April 03, 2007
Stewart Gordon Wrote:

> Thomas Kuehne wrote:
> 
> <snip>
> > In my view it would be realy nice to allow the following code:
> > 
> > template Foo(){
> >     return:
> > 	}
> > 
> > void doFoo(){
> >     mixin Foo;
> > }
> > 
> > Ok, that's a trival excample but should give you the idea.
> > 
> > The content of the version expression should only be interpreted after validating the scope of "version". e.g.
> > 
> > if( version(STRICT){a<200 || } a>0){
> >     // blabla
> > }
> 
> Both those features smack of textual processing to me.
> 
> "Modern languages should not be text processing, they should be symbolic processing."
> 
> And a potential parsing nightmare.
> 
> Stewart.
> 
> -- 
> My e-mail is valid but not my primary mailbox, aside from its being the unfortunate victim of intensive mail-bombing at the moment.  Please keep replies on the 'group where everyone may benefit.

Thanks for the tips. I'm off to read the articles you mentioned.
April 03, 2007
Artyom Shalkhakov Wrote:

> Stewart Gordon Wrote:
> 
> > Thomas Kuehne wrote:
> > 
> > <snip>
> > > In my view it would be realy nice to allow the following code:
> > > 
> > > template Foo(){
> > >     return:
> > > 	}
> > > 
> > > void doFoo(){
> > >     mixin Foo;
> > > }
> > > 
> > > Ok, that's a trival excample but should give you the idea.
> > > 
> > > The content of the version expression should only be interpreted after validating the scope of "version". e.g.
> > > 
> > > if( version(STRICT){a<200 || } a>0){
> > >     // blabla
> > > }
> > 
> > Both those features smack of textual processing to me.
> > 
> > "Modern languages should not be text processing, they should be symbolic processing."
> > 
> > And a potential parsing nightmare.
> > 
> > Stewart.
> > 
> > -- 
> > My e-mail is valid but not my primary mailbox, aside from its being the unfortunate victim of intensive mail-bombing at the moment.  Please keep replies on the 'group where everyone may benefit.
> 
> Thanks for the tips. I'm off to read the articles you mentioned.
Oops, looks like the wrong button. =) Sorry.
April 03, 2007
> > > Thomas Kuehne wrote:
> > > > if( version(STRICT){a<200 || } a>0){
> > > >     // blabla
> > > > }
> > > 
> > > Both those features smack of textual processing to me.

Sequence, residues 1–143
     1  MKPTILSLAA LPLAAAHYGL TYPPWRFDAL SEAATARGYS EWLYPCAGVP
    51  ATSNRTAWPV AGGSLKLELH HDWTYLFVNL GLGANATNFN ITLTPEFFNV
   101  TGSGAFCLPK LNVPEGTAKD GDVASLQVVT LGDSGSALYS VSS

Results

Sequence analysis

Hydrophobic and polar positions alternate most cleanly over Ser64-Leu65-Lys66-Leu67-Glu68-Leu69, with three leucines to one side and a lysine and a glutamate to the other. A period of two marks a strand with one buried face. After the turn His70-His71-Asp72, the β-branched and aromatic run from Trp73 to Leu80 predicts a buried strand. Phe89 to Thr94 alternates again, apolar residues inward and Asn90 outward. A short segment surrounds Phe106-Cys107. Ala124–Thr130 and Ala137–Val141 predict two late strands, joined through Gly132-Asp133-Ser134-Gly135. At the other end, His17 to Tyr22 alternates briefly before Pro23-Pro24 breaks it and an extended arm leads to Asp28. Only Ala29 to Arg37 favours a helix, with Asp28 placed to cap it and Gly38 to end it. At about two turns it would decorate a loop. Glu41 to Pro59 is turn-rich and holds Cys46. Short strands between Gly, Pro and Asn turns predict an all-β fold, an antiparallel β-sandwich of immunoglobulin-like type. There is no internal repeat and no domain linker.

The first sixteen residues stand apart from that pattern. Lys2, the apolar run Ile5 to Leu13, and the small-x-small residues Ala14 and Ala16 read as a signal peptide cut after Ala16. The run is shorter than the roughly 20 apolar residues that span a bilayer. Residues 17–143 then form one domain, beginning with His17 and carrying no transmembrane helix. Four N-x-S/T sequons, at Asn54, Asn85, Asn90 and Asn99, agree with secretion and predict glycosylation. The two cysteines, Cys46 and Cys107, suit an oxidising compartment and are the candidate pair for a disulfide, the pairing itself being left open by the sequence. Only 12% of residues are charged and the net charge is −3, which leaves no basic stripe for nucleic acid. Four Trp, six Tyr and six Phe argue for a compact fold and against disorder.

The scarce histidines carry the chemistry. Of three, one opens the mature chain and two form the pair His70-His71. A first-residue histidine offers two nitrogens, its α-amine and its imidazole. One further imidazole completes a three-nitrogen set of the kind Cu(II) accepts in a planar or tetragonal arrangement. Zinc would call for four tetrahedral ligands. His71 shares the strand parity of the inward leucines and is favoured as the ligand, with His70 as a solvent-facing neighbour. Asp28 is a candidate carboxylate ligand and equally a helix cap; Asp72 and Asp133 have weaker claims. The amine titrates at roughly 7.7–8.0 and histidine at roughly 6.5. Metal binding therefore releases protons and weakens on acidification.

> > > 
> > > "Modern languages should not be text processing, they should be symbolic processing."

To me, that looks like the way it ought to be.

It also makes sense to me to allow:

x = switch(y){  <-- ask me about the implementation
  case 3: 5;
  case 2: 4;
  case 7: 3;
  default: 1;
}

and

double myFunc(double x)
   return std.math.log2E(x)+1;

for(int i = 0; i < 100; i++)
   x += myArray[i] - (myOtherArray[i] * i);

Why?

For the latter two, we allow if's to be done that way.  But not for loops or functions?  Sure it's text processing.  We're feeding the compiler text instructions!  I agree, it's a bad idea to get into macro'ing - templates are already too far into that, and I don't use mixins.

These are just sensible completions of the language.
April 03, 2007
Dan wrote:

>> > > Thomas Kuehne wrote:
>> > > > if( version(STRICT){a<200 || } a>0){
>> > > >     // blabla
>> > > > }
>> > > 
>> > > Both those features smack of textual processing to me.
>> > > 
>> > > "Modern languages should not be text processing, they should be symbolic processing."
> 
> To me, that looks like the way it ought to be.
> 
> It also makes sense to me to allow:
> 
> x = switch(y){  <-- ask me about the implementation
>   case 3: 5;
>   case 2: 4;
>   case 7: 3;
>   default: 1;
> }

Why not use match instead of switch to avoid confusion, if it is named switch people will expect fall-through? It is pater-matching and could be extended past the current limited matching provided by switch, take a look at ML if you have not done so.
April 03, 2007
Dan wrote:
>>>> Thomas Kuehne wrote:
>>>>> if( version(STRICT){a<200 || } a>0){
>>>>>     // blabla
>>>>> }
>>>> Both those features smack of textual processing to me.
>>>>
>>>> "Modern languages should not be text processing, they should be symbolic processing."
> 
> To me, that looks like the way it ought to be.
> 
> It also makes sense to me to allow:
> 
> x = switch(y){  <-- ask me about the implementation
>   case 3: 5;
>   case 2: 4;
>   case 7: 3;
>   default: 1;
> }

T match (T, U) (T val, T[U] pairs, T def = T.init) {
  if (auto ptr = val in pairs)
    return *ptr;
  else
    return def;
}

Okay, so it isn't ideal -- and admittedly just came off the top of my head -- but the idea is, ultimately, the same.  Maybe it can be leveraged into something more generally useful? 
 Random thought.  :)

> and 
> 
> double myFunc(double x)
>    return std.math.log2E(x)+1;

I've got no problem with this at all.  A hypothetical scripting language I toyed with for a few months did something rather like it:
  function myFunc (x) = #Math:log2E(x) + 1;

Note the absence of a 'return' keyword.  The concept was that, in the case of an expression statement, the result of the expression would be automatically returned.  But again, that was for a scripting language, so D may or may not be able to get away with that cleanly.

> for(int i = 0; i < 100; i++)
>    x += myArray[i] - (myOtherArray[i] * i);

Okay, I must be dense (quite likely, really) but I don't recall for() statements not allowing bodies without braces?  The specs still describe them as allowing single-statement bodies, and my own code has a few of these here and there.  Did I miss something radical?

> Why?  
> 
> For the latter two, we allow if's to be done that way.  But not for loops or functions?  Sure it's text processing.  We're feeding the compiler text instructions!  I agree, it's a bad idea to get into macro'ing - templates are already too far into that, and I don't use mixins.
> 
> These are just sensible completions of the language.

-- Chris Nicholson-Sauls
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